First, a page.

Jon Paul “J.P.” Brooker, director of Florida conservation for the Ocean Conservancy, wants the office to include conserving and restoring sea grasses, coral reefs, wetland, and mangrove habitats as part of the fortification efforts. “This ‘blue green’ infrastructure provides important buffering services that protect our coasts from worsening sea level rise, and beyond that they are important carbon sinks that have mitigating effects against the changing climate that is driving a rising sea,” Brooker said. 

The resiliency office, created through legislation signed into law by DeSantis on May 3 (HB 7053), requires an action plan for the state highway system, a prioritized list of projects that would include costs and timelines, and a database that would identify such things as medical centers, utilities, emergency-operations centers and airports that would be threatened by rising sea levels. The law also creates the Florida Flood Hub for Applied Research and Innovation within the University of South Florida College of Marine Science to help incorporate sea level rise projections into future state projects.

The effort expands upon a 2021 law that directed the Department of Environmental Protection to develop an annual statewide flooding and sea-level rise resilience plan and to create the Resilient Florida Grant Program for cities and counties. While Democrats unsuccessfully pushed to include provisions addressing climate change that causes rising seas, don’t expect state Chief Resilience Officer Wesley Brooks, an appointee of DeSantis, and the office to immediately veer too far from the assigned mission.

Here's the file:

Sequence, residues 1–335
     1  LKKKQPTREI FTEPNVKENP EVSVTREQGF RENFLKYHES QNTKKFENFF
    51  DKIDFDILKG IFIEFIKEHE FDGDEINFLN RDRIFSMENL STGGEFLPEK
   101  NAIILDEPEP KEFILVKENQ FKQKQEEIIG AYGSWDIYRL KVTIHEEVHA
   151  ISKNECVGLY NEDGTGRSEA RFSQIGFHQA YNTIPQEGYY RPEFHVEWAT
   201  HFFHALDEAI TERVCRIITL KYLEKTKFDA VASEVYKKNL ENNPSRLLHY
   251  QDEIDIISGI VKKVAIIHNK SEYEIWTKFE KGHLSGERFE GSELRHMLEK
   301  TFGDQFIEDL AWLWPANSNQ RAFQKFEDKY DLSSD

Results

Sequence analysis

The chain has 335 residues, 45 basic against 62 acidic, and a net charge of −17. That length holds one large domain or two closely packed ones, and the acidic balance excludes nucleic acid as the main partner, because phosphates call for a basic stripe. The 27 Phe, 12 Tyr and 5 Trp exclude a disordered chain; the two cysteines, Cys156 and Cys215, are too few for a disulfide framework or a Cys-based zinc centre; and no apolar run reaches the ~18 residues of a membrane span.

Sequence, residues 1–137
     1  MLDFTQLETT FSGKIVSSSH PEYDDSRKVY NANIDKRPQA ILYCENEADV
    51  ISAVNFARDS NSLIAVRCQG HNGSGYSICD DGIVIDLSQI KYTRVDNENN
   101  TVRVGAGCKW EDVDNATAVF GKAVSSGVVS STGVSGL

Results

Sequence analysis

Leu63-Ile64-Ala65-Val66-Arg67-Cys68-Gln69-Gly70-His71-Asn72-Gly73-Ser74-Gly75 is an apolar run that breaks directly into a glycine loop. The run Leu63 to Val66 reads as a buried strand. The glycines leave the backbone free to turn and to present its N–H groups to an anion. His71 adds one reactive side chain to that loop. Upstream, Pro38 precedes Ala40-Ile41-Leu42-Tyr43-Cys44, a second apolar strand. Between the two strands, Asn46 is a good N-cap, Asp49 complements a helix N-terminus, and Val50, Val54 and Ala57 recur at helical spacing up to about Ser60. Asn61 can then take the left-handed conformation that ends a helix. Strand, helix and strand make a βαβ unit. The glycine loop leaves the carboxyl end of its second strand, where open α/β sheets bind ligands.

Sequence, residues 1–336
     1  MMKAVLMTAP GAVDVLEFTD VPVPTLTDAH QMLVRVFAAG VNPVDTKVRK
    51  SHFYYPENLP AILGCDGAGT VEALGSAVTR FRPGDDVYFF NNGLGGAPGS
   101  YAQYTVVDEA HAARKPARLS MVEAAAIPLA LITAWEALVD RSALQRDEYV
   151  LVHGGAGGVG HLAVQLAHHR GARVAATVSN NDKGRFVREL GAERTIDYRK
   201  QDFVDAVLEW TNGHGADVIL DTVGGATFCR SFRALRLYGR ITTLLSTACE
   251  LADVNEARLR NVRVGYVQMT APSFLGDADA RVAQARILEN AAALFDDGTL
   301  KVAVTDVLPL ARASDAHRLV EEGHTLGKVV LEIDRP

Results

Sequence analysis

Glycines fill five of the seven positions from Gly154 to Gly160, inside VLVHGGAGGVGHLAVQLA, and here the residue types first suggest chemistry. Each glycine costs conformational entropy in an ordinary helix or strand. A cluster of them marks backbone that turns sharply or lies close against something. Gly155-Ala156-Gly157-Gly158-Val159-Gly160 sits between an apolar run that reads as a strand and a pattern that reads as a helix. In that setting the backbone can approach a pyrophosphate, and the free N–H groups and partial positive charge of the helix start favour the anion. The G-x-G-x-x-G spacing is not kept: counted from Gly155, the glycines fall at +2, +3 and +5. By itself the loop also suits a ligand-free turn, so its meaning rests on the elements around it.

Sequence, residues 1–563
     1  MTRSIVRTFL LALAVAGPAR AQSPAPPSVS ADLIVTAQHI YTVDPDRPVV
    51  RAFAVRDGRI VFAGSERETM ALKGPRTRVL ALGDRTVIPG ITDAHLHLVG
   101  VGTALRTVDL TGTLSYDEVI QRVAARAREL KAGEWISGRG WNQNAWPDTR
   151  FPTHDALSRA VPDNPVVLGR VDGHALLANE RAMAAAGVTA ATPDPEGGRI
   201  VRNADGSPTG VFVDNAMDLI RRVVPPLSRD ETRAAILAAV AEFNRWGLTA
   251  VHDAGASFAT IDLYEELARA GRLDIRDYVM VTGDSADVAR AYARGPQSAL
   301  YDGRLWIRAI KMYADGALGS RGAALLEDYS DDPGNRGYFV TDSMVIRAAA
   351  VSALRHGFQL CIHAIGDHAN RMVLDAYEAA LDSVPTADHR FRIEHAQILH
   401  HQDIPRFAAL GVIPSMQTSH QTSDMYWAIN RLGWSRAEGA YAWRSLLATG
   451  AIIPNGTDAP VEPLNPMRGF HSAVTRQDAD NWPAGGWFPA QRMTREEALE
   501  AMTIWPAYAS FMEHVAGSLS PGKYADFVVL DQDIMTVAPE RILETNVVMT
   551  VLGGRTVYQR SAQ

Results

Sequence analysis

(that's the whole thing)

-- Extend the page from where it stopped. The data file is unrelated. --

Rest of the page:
Brooks pointed to the design and construction of local and regional resilience projects funded in the state budget that begins July 1 during a grant awarding event on May 3 in Fort Myers Beach. “That’s the work that folks are going to see and experience in their neighborhoods, on their commutes, or while recreating in amazing places,” Brooks said. 

Sea level rise in South Florida? Close to a foot in less than 30 years

A multi-agency report released by the National Oceanic and Atmospheric Administration in February projects that seas around South Florida will rise about 11 inches by 2050. While not as bad as forecast in 2017, when the agency had seas going up 17 inches by 2040, the new increase remains equal to the rise in sea-level over the past 100 years.

“This new data on sea rise is the latest reconfirmation that our climate crisis ⁠– as the President has said ⁠– is blinking ‘code red,’” said National Climate Advisor Gina McCarthy in a release with the report. “We must redouble our efforts to cut the greenhouse gasses that cause climate change while, at the same time, help our coastal communities become more resilient in the face of rising seas.”

As low-lying areas of South Florida could face more “sunny day” flood events, the Sea Level Rise Technical Report also indicates climate changes threaten thousands of coastal homes, along with billions of dollars in property value. Higher sea levels also could impact human health by breaching septic tanks and have less resistance from dunes and natural barriers in pushing water ashore during hurricanes.

Brooker said he understands the emphasis placed by the Legislature in addressing the immediate needs and hopes the resilience office ties together the disparate issues spread across the state into “a cohesive, coherent, unified approach for Florida on the threats being posed by a changing climate.”

“But as the climate continues to change, and as Florida continues to grow, we need common-sense investments in and an emphasis on mitigation – Florida can have a tremendous impact on mitigating against a changing climate,” Brooker said.

Jim Turner is a reporter with the News Service of Florida.